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Old 11-15-2012, 11:16 AM   #71086
Ridin'nFishin
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Quote:
Originally Posted by neo1piv014 View Post
Do you not own the XR650L any more? From what I understand, those bikes are basically 1st cousins to the DR650, but with an 18" rear instead of 17" rear. I believe 2003 was the year they switched away from paper base gaskets. If possible, get one made after that year, or you'll be doing something about an oil leak down the line. If at all possible, find one that has an aftermarket seat and fuel tank on it. The stock fuel tank is a <100 mile tank, which is less than ideal, and the stock seat is almost universally despised. Other than that, it's hard to go wrong.

Thanks for the replys, keep them coming.

No, I don't own a XR650L any more. I would rather the DR because of the oil spray on the bottom of the cylinder to help keep it cool and seat height is lower. Seat height is really not a problem with me.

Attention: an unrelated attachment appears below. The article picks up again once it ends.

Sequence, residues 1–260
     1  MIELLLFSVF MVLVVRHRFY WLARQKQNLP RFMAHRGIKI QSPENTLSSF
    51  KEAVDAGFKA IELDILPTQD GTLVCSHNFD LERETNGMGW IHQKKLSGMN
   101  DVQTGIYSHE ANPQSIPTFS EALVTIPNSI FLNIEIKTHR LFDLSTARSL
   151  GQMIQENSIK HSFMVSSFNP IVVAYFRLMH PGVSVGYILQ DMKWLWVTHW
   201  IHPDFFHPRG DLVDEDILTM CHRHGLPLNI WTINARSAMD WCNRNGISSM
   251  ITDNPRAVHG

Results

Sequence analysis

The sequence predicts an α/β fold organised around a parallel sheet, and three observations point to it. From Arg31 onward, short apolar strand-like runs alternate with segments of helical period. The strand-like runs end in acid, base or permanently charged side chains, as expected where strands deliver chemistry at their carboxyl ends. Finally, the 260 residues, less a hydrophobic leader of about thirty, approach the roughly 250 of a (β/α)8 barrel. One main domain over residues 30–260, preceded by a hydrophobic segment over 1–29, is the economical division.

I personally think the XR, DR and KLR are all good bikes.
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Old 11-15-2012, 11:24 AM   #71087
sandwash
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Quote:
Originally Posted by neo1piv014 View Post
Do you not own the XR650L any more? From what I understand, those bikes are basically 1st cousins to the DR650, but with an 18" rear instead of 17" rear. I believe 2003 was the year they switched away from paper base gaskets. If possible, get one made after that year, or you'll be doing something about an oil leak down the line. If at all possible, find one that has an aftermarket seat and fuel tank on it. The stock fuel tank is a <100 mile tank, which is less than ideal, and the stock seat is almost universally despised. Other than that, it's hard to go wrong.
Stay away from this model(s) unless it has been fixed: